Lupini beans are generally served at Easter or other holidays (and no wonder–when else would people have the time to prepare them?). I suppose you could simply boil them in advance, then keep in the fridge while you moved on to other holiday dishes. Once they’re ready to eat, you replace the soaking water with salted water (brine). This way, the beans will keep for weeks in the refrigerator. Here’s a basic tutorial, including info about the tough outer skins.
In the past, while in the midst of baking a birthday cake or other multi-ingredient confection, it’s often occurred to me, ”Who ever thought it would be a good idea to mix raw broken eggs, milk, sugar, flour–and then take that wet mixture, pour it into a metal pan, and bake it?” I mean, why on earth would they assume that would work out? In this case, did someone cook up the beans just like any other, bite into one only to spit it across the room like the sparks flying off a welding torch before suddenly thinking, ”Hey! Why don’t I take these putrid beans, put them in a jar, refresh the water once a day for ten to fourteen days, and then taste them again?!” Seriously, how do these recipes come about?
Well, luckily for us, some fool masochist did think to repeatedly rinse the beans before eating, and we all get to benefit from the innovation. While I can understand the reverence these tidbits receive in Italian homes–they are springy, toothsome and offer the same snacky enjoyment as biting into unshelled edamame (with the same “pop” as you crack the tough outer skins and enjoy the inner bean), I’m not sure I’d make them again. Checking on the beans for ten days felt like a commitment just shy of cohabitation, and I’m not sure I’m that much in love.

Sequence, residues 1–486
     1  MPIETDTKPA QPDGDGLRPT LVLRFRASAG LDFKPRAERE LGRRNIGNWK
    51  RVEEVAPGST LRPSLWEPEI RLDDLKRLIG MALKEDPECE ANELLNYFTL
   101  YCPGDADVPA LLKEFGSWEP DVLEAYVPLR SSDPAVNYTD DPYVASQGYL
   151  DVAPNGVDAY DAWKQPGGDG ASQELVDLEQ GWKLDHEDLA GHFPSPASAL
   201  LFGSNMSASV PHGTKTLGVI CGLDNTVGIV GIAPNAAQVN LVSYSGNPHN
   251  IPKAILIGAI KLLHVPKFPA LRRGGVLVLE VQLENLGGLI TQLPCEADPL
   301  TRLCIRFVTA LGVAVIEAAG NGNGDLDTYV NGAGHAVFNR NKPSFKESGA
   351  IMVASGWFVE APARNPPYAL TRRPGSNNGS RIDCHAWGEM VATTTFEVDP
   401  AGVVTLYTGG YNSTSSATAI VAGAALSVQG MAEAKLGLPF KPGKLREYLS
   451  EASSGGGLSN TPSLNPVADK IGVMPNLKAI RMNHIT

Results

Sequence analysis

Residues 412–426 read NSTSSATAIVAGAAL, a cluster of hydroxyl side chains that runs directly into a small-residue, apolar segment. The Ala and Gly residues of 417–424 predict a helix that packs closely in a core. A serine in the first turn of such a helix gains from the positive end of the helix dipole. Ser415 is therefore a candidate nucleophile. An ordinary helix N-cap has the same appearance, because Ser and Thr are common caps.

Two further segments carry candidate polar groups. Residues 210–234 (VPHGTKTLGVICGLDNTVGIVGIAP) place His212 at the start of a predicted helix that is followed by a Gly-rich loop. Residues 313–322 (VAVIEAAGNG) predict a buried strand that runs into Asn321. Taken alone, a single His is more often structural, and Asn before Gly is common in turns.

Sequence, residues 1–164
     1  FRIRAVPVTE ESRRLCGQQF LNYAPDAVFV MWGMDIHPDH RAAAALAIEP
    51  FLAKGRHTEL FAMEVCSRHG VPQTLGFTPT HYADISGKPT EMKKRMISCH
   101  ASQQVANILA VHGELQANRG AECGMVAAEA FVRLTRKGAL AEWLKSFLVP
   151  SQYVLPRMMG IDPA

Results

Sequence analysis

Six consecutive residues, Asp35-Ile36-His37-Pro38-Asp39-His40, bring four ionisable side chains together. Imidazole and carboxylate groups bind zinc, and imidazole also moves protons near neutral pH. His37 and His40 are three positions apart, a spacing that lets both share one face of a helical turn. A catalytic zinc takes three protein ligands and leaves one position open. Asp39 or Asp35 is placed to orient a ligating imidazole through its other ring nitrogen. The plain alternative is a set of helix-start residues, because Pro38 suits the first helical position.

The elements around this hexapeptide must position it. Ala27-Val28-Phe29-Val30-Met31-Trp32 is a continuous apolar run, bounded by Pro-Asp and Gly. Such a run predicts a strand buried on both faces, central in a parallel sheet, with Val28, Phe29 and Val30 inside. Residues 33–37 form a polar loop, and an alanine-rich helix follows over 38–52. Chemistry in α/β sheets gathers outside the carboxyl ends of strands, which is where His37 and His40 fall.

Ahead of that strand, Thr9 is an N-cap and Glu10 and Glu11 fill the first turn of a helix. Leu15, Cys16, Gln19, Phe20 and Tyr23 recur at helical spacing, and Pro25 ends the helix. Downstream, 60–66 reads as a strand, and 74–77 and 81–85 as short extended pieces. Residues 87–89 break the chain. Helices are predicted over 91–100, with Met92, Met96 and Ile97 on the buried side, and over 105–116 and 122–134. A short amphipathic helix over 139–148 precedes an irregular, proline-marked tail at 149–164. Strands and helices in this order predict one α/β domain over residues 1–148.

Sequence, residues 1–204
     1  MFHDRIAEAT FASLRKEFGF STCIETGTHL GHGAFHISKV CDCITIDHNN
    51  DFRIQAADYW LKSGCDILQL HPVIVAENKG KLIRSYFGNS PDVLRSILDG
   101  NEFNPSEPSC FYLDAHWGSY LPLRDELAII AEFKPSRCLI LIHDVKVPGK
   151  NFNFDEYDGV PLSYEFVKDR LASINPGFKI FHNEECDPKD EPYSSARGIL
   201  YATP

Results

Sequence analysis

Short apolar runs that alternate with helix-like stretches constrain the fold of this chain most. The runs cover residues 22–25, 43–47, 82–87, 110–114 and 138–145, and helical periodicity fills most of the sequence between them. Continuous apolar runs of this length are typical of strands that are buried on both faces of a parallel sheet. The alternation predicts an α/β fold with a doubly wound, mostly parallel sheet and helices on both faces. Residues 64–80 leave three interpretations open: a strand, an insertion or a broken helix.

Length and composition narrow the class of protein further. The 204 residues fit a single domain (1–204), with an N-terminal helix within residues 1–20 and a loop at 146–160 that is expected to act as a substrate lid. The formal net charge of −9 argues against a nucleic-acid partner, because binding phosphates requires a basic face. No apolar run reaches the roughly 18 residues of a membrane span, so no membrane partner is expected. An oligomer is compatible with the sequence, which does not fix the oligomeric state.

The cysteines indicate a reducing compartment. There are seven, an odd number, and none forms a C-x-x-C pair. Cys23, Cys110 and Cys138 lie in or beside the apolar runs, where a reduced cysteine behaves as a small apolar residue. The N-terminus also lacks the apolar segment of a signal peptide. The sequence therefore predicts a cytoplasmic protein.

Laced with extra virgin olive oil, garlic and sage, however, these made a delectable contribution to our antipasto plate a while back, providing a great boost to the protein content of my meal. I’ve still got half a jar left in the refrigerator, too. Which, come to think of it, would make a great gift for my landlord.
I’m submitting this recipe to Katie of Chocolate Covered Katie, for her “New Foods Challenge,” as well as to Lori Lynn of Taste with the Eyes, as my submission for the popular My Legume Love Affair event, begun by Susan of The Well-Seasoned Cook.
Lupini Beans with Olive Oil, Garlic and Sage
A great snack once you’ve got them on hand. . . just don’t plan on eating these at the first sign of hunger.
About 1 cup (240 ml) dry lupini beans, rinsed and picked over
4 cups (1 liter) water, plus more for boiling
1 clove garlic, minced
splash of extra virgin olive oil
ground or freshly chopped sage, to taste
Place the beans in a pot in the water and soak overnight. After 24 hours or so, drain the beans, refill the pot, and bring to a boil. Boil gently until the beans are relatively tender (these will never get really soft), 1-2 hours.
Drain and rinse the beans. Place in a clean jar or container and cover with water. Place in the refrigerator and change the water once a day for 10-14 days (it took mine a full 14 days for the taste to lose all its bitterness).
Once the beans no longer taste bitter, add salt (to taste) to the water in the jar. They can be stored this way in the refrigerator.
When ready to eat the beans, remove some from the jar and splash with olive oil. Toss in the garlic and sage, and dig in. Makes about 2 cups (480 ml) beans.
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You Might Also Like (Other Bean/Legume Recipes):
- Fava Bean Balls with Cranberry-Tomato Chutney (gluten free; ACD all stages)
- Red Lentil Pâté (gluten free; ACD all stages)
- Bean-Based, Grain-Free Pizza Crust (gluten free; ACD Stage 2 and beyond)
- Black Bean Fudge (gluten free; ACD all stages)
- Adzuki Bean Spread (ACD
- Pelau (West Indian Rice and Beans) (gluten free; ACD Stage 3 and beyond)
- Egyptian Fava Beans (gluten free; ACD all stages)